// (L"Madhav_Mohan"); both are equivalent
    const wchar_t* str1{ L"Madhav_Mohan" };
 
    cout << your_name(str1);
 
    return 0;
}

 
Output- 



Output#4

Example Of std::string_view: Below examples, show that most of the string-based functions can be used with std::string_view as used str.compare(), str.back(), str.cend(), and str.at() functions.

Program 4: 

C++




// C++ program to implement
// the above approach
#include <iostream>
#include <string_view>
using namespace std;
 
string to_alpha(int r)
{
    if (r < 0)
        return " less than ";
    else if (r == 0)
        return " equal to ";
    else
        return " greater than ";
}
 
// Driver code
int main()
{
    char str{ "Muddy" };
    char str_1{ "Maddy" };
 
    string_view str_2{ str_1 };
 
    // This line prints Maddy
    cout << str_2 << '\n';
 
    // Change 'M' to 'D' in arr
    str_1[0] = 'D';
 
    // This line prints Daddy
    cout << str_2 << '\n';
 
    cout << str_2.at(2);
    cout << str_2.back();
    cout << " is last char of str_2 is y " << (str_2.back() == 's');
    cout << " is last char of str_2 is y " << boolalpha << (str_2.back() == 's');
 
    // In above statement boolalpha is
    // used to  give the boolean result
    // in True or False
 
    int cmp{ str_1.compare(str_2) };
 
  cout << to_alpha(cmp
};
int cmp_1 = str.compare(1, 4, str_2);
cout << "last three characters of str are" << to_alpha(cmp_1) << "str_2.\n";
return 0;
}

 
Output: 

Output#2

Modification of std::string_view: In C++20 some new functions have been added like str.remove_suffix(), str.remove_suffix() using these functions can modify the std::string_view. Like can remove the selective suffix or prefixes of the given string.

Program 5: 

C++




// C++ program to implement
// the above approach
#include <iostream>
#include <iterator>
#include <string_view>
using namespace std;
 
// Driver code
int main()
{
    string_view str_1{ "Maddy" };
    cout << str_1 << '\n';
 
    string_view str_2{ "Daddy" };
    cout << str_2 << '\n';
 
    string_view var{ "Hello !!, GeeksforGeeks" };
    cout << var << '\n';
 
    cout << var.starts_with("Hi !!") << '\n';
    cout << var.ends_with("GeeksforGeeks !!") << '\n';
 
    // Remove the first characters.
    str_1.remove_prefix(1);
    cout << str_1 << '\n';
 
    // Remove the last 2 characters.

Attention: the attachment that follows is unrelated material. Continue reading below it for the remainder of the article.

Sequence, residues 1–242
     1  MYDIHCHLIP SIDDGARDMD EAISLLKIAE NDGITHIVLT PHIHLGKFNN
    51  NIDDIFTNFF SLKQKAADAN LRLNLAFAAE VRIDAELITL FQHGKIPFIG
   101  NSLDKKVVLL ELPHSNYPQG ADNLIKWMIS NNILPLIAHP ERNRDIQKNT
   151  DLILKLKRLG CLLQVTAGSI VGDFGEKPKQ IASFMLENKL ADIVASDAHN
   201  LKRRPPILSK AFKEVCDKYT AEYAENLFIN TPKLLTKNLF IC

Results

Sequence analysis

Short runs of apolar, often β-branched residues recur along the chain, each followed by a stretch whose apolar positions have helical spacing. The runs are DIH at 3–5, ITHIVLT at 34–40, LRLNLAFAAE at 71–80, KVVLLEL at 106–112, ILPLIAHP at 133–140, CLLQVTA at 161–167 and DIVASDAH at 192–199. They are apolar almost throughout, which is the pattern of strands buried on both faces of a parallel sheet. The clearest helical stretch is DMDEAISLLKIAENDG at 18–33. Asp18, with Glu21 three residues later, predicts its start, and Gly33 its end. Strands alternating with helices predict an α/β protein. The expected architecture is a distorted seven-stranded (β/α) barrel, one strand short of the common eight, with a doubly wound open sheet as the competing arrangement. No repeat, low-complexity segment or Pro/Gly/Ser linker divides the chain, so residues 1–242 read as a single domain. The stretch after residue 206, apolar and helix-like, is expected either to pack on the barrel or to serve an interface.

str_1.remove_suffix(2);
    std::cout << str_1 << '\n';
 
    return 0;
}

Output: 



Output#3

Below is the example of some other operations that can be performed with std::string_view:

Program 6: 

C++




// C++ program to implement the
// above approach
#include <array>
#include <cstddef>
#include <iostream>
#include <stdexcept>
#include <string>
#include <string_view>
using namespace std;
 
// Driver code
int main()
{
    constexpr string_view str{ "Daddy" };
    constexpr string_view str1{ "Maddy" };
    string str2{};
 
    // Copy data of str1 into str2
    str1.copy(str2.data(), 4);
 
    // This line prints Madddy
    cout << str2.data() << '\n';
 
    if ((str.compare(str2)) != 0)
        cout << str << " "
             << "doesn't = to"
             << " " << str1 << '\n';
    cout << str1.starts_with("Mad");
    cout << '\n'
         << str.starts_with("Pad") << '\n';
    cout << str1.ends_with("ddt");
    cout << '\n'
         << str.ends_with("ddy") << '\n';
 
    // Checks whether the given string contains
    // the given substring or character
    constexpr string_view s1{ "Hello! Madhav" };
 
    // Position of the first character that
    // match first
    constexpr string_view str3{ "Hi! Maddy" };
 
    size_t found = str3.find(str1);
    cout << found << '\n';
 
    // Find the last occurrence of a substring
    cout << '\n'
         << str3.rfind('d');
 
    // Gives the first time occured char's position
    cout << '\n'
         << str3.find_first_of("d");
 
    // Gives the last time occured char's position
    cout << '\n'
         << str3.find_last_of("d");
 
    // Finds the first char that's not equal to
    // any of the char(s) in the given string
    cout << '\n'
         << str3.find_last_not_of(str, 6);
 
    // It givesIndex of first unmatched character
    // when successful or string::npos if no such
    // character found. It searches for the first
    // char that doesn't match any of the char(s)
    // that has given in the argument
    cout << '\n'
         << str3.find_last_not_of(str, 4);
 
    return 0;
}

Output:

Output#4

Non-null Terminated Strings: Unlike C-strings and std::string which need a string terminator (‘\0’) at the end of a string, std::string_view doesn’t need null terminators to mark the end of the string. Because it keeps the track of the string length. 

Below is the C++ program to implement the above approach:

Program 7:

C++






// C++ program to implement
// the above approach
#include <iostream>
 
// For std::size
#include <iterator>
#include <string_view>
using namespace std;
 
// Driver code
int main()
{
    // No null-terminator.
    char name[]{ 'M', 'a', 'd',
                 'h', 'a', 'v' };
 
    // Here name isn't null-terminated.
    // We need to pass the length manually.
    // Because name is an array, we can
    // use std::size to get its length.
    string_view str_1{ \name, size(name) };